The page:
Mushrooms do double duty as both a seasoning
and a vegetable in their own right. In fact, white button mushrooms
contain umami, a natural flavor enhancer that boosts the flavor of any
food that the mushrooms are cooked with. When choosing, look for mushrooms
that are firm and slightly moist, with no signs of decay. They should be
heavy for their size and smell like the woods. To ensure freshness, check
the gills on the underside of the mushroom. If they're tightly closed, the
mushroom is young, mild-tasting and will last longer. If they're open, the
mushroom is more mature and will have a more concentrated flavor but will
not last long once you get it home.
Use older mushrooms soon after purchase, If
you can, choose so-called "wild" mushrooms, most of which are now
cultivated. Though they're more expensive than other varieties, shiitakes,
creminis, chanterelles and other wild mushrooms have more intense,
interesting flavors and a little bit tends to go a long way.
To store fresh mushrooms, keep them cool and
dry. Refrigerate them in a basket or an open paper bag and avoid cleaning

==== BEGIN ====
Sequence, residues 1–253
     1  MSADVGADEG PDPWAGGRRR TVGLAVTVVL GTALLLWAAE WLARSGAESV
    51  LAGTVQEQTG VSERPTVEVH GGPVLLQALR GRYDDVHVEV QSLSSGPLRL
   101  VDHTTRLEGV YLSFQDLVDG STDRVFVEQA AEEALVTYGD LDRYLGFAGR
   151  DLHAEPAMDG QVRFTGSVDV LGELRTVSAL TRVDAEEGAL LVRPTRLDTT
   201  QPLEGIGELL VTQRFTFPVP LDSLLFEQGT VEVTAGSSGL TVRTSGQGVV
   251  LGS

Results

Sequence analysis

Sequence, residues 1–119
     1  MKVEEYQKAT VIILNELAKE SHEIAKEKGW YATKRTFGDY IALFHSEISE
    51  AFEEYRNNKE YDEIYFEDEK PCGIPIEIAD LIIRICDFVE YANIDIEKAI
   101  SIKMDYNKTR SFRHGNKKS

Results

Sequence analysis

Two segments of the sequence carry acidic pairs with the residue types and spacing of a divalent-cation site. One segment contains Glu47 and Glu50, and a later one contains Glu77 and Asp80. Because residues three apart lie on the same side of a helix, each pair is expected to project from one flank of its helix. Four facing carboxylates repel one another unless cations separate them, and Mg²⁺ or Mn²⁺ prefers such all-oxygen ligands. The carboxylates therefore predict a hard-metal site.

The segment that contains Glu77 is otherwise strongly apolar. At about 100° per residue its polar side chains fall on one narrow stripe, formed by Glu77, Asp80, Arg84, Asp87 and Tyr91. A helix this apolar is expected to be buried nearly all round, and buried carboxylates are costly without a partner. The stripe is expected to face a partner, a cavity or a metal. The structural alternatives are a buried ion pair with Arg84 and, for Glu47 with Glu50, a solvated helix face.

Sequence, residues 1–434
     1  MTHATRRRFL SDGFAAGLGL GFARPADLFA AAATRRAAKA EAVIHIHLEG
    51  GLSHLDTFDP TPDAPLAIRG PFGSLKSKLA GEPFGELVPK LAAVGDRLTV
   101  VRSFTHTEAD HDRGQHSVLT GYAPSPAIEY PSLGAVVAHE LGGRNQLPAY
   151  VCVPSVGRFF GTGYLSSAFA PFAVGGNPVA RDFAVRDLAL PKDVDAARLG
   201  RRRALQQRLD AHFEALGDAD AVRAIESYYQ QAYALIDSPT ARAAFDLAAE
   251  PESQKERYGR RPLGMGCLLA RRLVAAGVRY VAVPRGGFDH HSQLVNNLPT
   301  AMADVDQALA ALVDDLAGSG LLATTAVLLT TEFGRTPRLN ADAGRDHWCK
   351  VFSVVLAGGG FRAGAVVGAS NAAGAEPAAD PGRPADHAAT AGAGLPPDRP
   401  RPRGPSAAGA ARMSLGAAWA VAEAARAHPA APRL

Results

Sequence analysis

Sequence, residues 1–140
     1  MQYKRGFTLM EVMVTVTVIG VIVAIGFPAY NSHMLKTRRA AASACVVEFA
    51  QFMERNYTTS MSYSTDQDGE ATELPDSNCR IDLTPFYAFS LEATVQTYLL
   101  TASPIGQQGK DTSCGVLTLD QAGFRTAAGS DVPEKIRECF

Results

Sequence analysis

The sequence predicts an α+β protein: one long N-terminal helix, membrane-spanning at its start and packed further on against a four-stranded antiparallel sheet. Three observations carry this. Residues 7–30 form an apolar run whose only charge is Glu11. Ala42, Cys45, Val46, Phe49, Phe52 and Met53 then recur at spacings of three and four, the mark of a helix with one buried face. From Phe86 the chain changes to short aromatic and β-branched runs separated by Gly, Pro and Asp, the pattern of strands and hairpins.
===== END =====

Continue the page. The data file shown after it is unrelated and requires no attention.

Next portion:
them until you're ready to use them. They should stay fresh for 4 to 5
days. When cleaning, trim the stems but avoid washing the mushrooms
because they absorb water like a sponge. Instead, wipe them clean with a
damp cloth or scrape them gently with a paring knife. If bits of dirt
cling stubbornly to the mushrooms, go ahead and rinse them off, but cook
them soon after washing, as the water promotes decay.
Some varieties of fresh mushrooms (such as
enoki) can be eaten raw. But most mushrooms need to be thoroughly cooked,
particularly wild ones, which contain proteins that can be difficult to
digest. To cook for maximum flavor, cook mushrooms in a small amount of
fat over low heat. Be sure to cook them long enough that all their flavor
is released. Then, continue cooking until the liquid has evaporated. Their
texture should be slightly crisp, not slippery.
To grill white mushrooms caps, thread 2
parallel skewers through the diameter of the caps. This way, they will
cook evenly on both sides and will not fall through the grill rack.
Warning : Only mushroom experts should pick or
use fresh mushrooms in the wild. Identifying mushrooms in the wild can be
very tricky, and some varieties are poisonous and is fatal.
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